The Meet-up started with a presentation from the Angelcube Accelerator. It then went on to a Q and A with entrepreneurs who had been through 5 different Accelerators. The following are my dot point notes from material discussed.
Presentation by Angelcube about their Accelerator program:
- 13 wk program
- 150 applications from which they take 10.
- Intense mini MBA program, modeled on Steve Blank materials etc
- Includes how to iterate through ideas until you get what works
- They provide 20k investment to the start-ups in the program. To be used run some tests, or travel to meet investors. (Itâ€™s not to be used for living expenses, so you need to have this separately covered).
- Meet 3 times per week with each team
- After 13 wks, pitch for investors.
- Get space at Inspire9 for 13 wks
- 40 mentors available to assist
- Pitching events at end of program, including in USA where relevant
- In last program, got teams in front of120 investors in USA.
- Included connections to â€œ500 Start Ups, an Incubator in San Fran.
- 3rd intake in about to open. Applications close at start of March.
- Early stage start-ups are fine to apply, including people edging to product/market fit.
- Have to stress how important testing is.
- Can apply with an awesome team and an idea.
- Moving quickly to market is the key thing, because success is a lot about being first to market.
- There needs to be a complete team, because they need to be able to execute, including selling and developing. All the skills ideally need to be inside the team.
- Next month, they are doing a matching event to match up developers with business entrepreneurs (Hustlers). Y Combinator (YC) has tried this.Â
- Quality of program is based on the experience of the mentors available, such as Lenny Mayo.
- Lean start-up process of customer validation is extremely central to whole process used and taught.
- Intensity is expected including 9 to 18 hrs per day of work. Program canâ€™t be done part time.
- Need co-founder and team, but a team member could possibly be overseas... not ideal, but is an option.
- Success rate? Some stats from YC as follows: 400 cos through program. There are 300 left, plus 50 have exited, and 50 are â€œdeadâ€.
- The further you are up the stages of development, the more chance you are likely to have of being successful with your application to Angelcube.
- No board seats are taken on the successful applicants.
- Stats are that start-ups normally do 5 yrs for non funded exit, and 7 yrs for exit when funded.
- A/cube is in no hurry for teams to exit.
The criteria that Angelcube uses to assess applicants is as follows (in addition to whatever you glean from the above):
- Size of idea, in terms of potential scale?
- Team to execute?
- Selling capacity?
Â Note that usual size of teams is 2-3. Five in a team is probably too big.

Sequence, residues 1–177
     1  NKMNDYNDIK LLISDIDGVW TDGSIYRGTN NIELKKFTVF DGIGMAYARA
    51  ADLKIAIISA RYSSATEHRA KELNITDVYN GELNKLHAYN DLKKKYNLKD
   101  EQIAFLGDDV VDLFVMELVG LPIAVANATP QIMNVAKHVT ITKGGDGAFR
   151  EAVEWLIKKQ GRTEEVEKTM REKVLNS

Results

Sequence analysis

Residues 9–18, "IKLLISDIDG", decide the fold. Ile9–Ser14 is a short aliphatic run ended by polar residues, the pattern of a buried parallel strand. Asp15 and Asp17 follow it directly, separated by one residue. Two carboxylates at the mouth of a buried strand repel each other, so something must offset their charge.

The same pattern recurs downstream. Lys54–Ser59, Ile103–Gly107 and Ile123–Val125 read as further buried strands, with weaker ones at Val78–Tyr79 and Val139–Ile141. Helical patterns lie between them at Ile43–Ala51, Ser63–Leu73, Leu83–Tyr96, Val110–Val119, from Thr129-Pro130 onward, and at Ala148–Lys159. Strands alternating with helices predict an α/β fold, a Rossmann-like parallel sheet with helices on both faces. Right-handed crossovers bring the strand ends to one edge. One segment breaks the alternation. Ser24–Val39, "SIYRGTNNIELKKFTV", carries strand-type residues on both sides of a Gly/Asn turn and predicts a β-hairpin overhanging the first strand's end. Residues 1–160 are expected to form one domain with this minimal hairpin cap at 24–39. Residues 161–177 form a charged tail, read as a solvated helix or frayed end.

Q & A with Entrepreneurs
There was then a Q and A with entrepreneurs who have been through different Accelerators, as follows:
- Lexim. Online education program. Michael Shimmins. Angelcube Accelerator.
- A start-up that creates new venues. Melbourne Accelerator for alumni and current students.
- Startmate Accelerator successful applicant. (says best thing was mentor network.)
- Adioso. YC Accelerator. Travel start up.
- (one other whose name I did not catch, sorry)
The above panel made the following points in discussion around questions.
Factors that they think got them in?
- See Paul Graham's essays on line (IE founder of YC). Says intelligence and determination, more than the idea itself, because the idea changes. Plus the factors mentioned above, such as the team.
Other general points:
- Take whatever you get into. Note YC had 1300 applications!
- In your testing, go for finding a small bunch of users that you can make very happy.
- Approach is to prove your start-up is scalable, in the sense that you can get the necessary return on your marketing investment.
- Financial projections are too early, because they will be wrong.
- You want to establish the addressable market.
- You are looking for global ideas, because VC want 10x return in ten yrs.
- Note that on the face of it, start-ups like Airbnb, had no existing market, but it now lists more than all hotels on the globe.
What is not accepted into Accelerators?
- Ideas that you can't build quickly, or that are too capital intensive. Hardware cos, because development cycle is too long. You need to reach scale relatively quickly, and be reproducible. Prefer ideas that have barrier to entry for others.
Further general points:
- Going into an Accelerator like YC is a way to triple value and get access to VC... so it attracts some well developed start-ups.
- Some successful ideas are niche, but others are very big.
- On metrics, see Dave McClure's Pirate Metrics. (Google it).
What they got from their participation in Accelerators?
- Whole team being required to work together in a structure for the first time, and the facilities to do so, plus learning to pitch.
What surprised them most?
- The access and network that became available to them. Also surprised at how little everybody knew who did successful start-ups in past. In this sense, audacity that you can get away with is amazing, and necessary. Also surprised that if you ask people, they will help.
- Bad hiring decisions.
- You should aim to be disruptive... this may involve getting into a bit of trouble as a consequence, and that is OK. It often flows from the nature of your disruptive start-up. EG Airbnb is disrupting the established accommodation sector, and does not necessarily fit into the existing inn-keeper and sub-letting laws.
- They also thought they should also aim to launch even faster, because that's when you start learning (EG a beta product is fine.). To start ups, users are like oxygen. Launch is good for building users.